Salaberry-de-Valleyfield

Salaberry-de-Valleyfield draws its labour force from the local population and its history is marked by often violent labour disputes (see COMPANY TOWNS). Originally (1874) it was called Salaberry, in honour of Charles d'Irumberry de SALABERRY.


Salaberry-de-Valleyfield

 Salaberry-de-Valleyfield (formerly Valleyfield), Qué, City, pop 26 170 (2001c), 26 600 (1996c), 27 598 (1991c), area 27.45 km2, inc 1874, is located on the South Shore of the ST LAWRENCE RIVER, at the northeastern extremity of Lac St-François. The townsite was part of the seigneurial land granted to Charles de BEAUHARNOIS, governor of New France from 1726 to 1747. Construction of the Beauharnois Canal (1842-54) attracted many immigrants to the town. A sawmill and a large paper mill were established in the 1850s. A cotton mill (the future Montreal Cotton Company) opened 1875 and dominated the activity and growth of this small industrial city until WWII.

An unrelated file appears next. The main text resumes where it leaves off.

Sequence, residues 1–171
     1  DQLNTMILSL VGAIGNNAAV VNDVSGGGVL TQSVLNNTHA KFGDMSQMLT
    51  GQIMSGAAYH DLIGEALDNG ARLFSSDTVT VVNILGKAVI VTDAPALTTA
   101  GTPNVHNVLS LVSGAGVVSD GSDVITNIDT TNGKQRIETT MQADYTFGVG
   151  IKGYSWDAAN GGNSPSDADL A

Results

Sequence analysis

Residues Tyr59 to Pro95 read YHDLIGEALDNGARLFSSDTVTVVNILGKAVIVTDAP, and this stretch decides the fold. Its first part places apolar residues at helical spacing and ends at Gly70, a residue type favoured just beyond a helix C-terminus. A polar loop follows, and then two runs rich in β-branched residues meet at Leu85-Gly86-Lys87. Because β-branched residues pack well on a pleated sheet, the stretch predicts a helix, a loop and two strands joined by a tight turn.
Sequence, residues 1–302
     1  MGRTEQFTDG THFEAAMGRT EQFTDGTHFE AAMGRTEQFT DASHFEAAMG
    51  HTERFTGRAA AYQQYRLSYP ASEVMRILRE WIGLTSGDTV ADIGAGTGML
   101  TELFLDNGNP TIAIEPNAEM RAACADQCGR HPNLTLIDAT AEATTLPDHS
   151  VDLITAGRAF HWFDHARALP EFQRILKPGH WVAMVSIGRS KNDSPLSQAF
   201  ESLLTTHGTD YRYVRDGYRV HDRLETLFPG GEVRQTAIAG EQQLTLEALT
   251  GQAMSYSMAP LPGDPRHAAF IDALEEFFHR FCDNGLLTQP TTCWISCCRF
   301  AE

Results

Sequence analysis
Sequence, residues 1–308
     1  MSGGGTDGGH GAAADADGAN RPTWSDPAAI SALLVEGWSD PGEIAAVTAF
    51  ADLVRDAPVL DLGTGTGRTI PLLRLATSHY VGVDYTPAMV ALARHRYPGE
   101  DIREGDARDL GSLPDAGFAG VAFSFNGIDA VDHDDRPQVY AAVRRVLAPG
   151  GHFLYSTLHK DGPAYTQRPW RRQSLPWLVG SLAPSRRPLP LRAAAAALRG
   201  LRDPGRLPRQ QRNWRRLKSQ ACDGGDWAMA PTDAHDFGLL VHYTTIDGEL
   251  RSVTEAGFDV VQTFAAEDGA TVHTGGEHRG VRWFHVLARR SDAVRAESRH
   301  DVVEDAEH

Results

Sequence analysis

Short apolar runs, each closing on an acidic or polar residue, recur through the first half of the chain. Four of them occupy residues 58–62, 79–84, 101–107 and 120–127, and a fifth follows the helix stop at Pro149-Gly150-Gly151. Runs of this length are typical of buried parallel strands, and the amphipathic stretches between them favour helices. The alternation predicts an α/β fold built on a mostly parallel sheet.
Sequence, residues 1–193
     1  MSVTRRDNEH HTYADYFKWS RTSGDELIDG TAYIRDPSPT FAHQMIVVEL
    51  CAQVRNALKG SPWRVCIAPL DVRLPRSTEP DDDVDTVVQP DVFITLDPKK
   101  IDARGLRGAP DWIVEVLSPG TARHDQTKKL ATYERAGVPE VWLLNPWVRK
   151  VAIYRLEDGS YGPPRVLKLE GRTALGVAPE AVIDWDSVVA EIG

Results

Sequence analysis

Salaberry-de-Valleyfield draws its labour force from the local population and its history is marked by often violent labour disputes (see COMPANY TOWNS). Originally (1874) it was called Salaberry, in honour of Charles d'Irumberry de SALABERRY. Through popular usage, the name "Valleyfield" was added by the economically elite anglophone minority (in memory, it is said, of a Scottish paper mill). Served by railway since 1885, Salaberry-de-Valleyfield became an episcopal seat in 1892.

An important commercial and industrial centre, its activities today are diversified: ocean shipping, hydroelectric production, rubber manufacturing, zinc refining, chemical products, textiles and foodstuffs. Each summer it hosts one of North America's biggest speedboat regattas.